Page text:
Right, that's the definition of real numbers. A < B means that a C exists with A < C < B beacuse reals are not enumerable like natural numbers.

Meaning: Because there is no C with 0.9... < C < 1, it's 0.9... = 1. Both just describe exactly the same number two different ways (and for those who still don't believe: there are books ;))

But now the question is: can we really consider the number 0.999.. as a real number?


Well, tricky question :) As it equals to 1 and 1 is a real number, 0.9... should be so, too. 1 is 1 no matter how you represent it ("1", "0.9..." or "0.3+0.7"). The point is, though 0.9... with really infinite 9s is exactly 1, you can't use it this representation unless you find a way to read/write/proccess an infinite amount of digits "9" :P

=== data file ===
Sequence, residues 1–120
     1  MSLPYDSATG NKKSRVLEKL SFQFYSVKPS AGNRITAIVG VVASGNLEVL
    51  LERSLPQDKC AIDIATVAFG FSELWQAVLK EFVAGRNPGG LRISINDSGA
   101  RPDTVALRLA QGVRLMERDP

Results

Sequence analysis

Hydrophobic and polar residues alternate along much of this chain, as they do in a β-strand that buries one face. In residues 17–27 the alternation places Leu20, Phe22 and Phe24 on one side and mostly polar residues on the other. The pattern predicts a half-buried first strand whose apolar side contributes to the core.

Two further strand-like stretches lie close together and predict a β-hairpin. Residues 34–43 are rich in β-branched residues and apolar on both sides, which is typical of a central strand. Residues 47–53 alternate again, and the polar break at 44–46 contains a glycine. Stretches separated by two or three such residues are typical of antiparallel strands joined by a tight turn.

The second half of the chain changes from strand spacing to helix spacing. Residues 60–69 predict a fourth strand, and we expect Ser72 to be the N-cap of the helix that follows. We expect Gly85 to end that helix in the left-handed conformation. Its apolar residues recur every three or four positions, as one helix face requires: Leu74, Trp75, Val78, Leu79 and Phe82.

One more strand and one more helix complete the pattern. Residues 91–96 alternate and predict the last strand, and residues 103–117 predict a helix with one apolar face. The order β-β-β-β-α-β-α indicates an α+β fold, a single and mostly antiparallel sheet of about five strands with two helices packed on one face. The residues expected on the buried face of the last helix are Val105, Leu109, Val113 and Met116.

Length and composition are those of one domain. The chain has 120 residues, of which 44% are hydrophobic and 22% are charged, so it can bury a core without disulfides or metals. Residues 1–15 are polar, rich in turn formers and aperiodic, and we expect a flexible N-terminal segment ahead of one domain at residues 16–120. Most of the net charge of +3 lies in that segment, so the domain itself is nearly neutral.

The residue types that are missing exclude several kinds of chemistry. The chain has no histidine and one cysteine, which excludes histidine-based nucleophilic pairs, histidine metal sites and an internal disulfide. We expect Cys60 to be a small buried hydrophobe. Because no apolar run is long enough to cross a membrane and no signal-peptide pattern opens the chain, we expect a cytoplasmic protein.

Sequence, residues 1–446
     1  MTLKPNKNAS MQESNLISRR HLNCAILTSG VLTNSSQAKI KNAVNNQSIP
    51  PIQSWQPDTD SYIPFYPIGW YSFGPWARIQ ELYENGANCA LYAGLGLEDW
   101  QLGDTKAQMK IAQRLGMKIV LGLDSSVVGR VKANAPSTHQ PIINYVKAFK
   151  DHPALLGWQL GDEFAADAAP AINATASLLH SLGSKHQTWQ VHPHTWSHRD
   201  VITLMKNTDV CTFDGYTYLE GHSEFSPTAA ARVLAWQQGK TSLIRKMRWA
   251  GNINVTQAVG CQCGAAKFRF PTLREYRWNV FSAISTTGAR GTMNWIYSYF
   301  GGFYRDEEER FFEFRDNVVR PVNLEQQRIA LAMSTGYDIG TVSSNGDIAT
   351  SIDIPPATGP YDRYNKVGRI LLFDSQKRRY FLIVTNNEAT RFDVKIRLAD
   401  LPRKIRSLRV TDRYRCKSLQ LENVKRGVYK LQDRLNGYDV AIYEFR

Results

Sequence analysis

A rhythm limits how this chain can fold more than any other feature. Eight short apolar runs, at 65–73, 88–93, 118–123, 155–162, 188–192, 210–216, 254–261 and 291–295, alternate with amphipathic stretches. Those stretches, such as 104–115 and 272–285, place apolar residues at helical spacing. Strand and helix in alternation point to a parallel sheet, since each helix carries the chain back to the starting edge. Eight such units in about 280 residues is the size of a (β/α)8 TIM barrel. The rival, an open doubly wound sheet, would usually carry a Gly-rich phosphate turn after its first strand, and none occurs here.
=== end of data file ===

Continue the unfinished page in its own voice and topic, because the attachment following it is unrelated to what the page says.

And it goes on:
To make clear what I mean (I mentioned it an earlier post already): of course you know "0.9... means 1" and whenever you see a term "0.9... + 2" you would calculate "0.9... means 1, 1 + 2 = 3, so 0.9... + 2 = 3". In fact, you didn't calculate with "0.9..." representing 1, but "1" representing 1 then. Calculating with "0.9..." representing 1 would mean (note that we always can calculate symbolic only, and we have an infinite amount symbols here) you do:

0.9...+2 = 2+9*10^-1+9*10^-2+...+9*10^-oo,

and as you see you can't do that.

==>

0.9... = 1, both just are representation forms of the same real number "1". The form 0.9... is useless for calculation though (-> it has no meaning). If you used it you needed to stop calculating after a concrete amount of digits, and then you would not have calculated with "1" but an approximation of it only.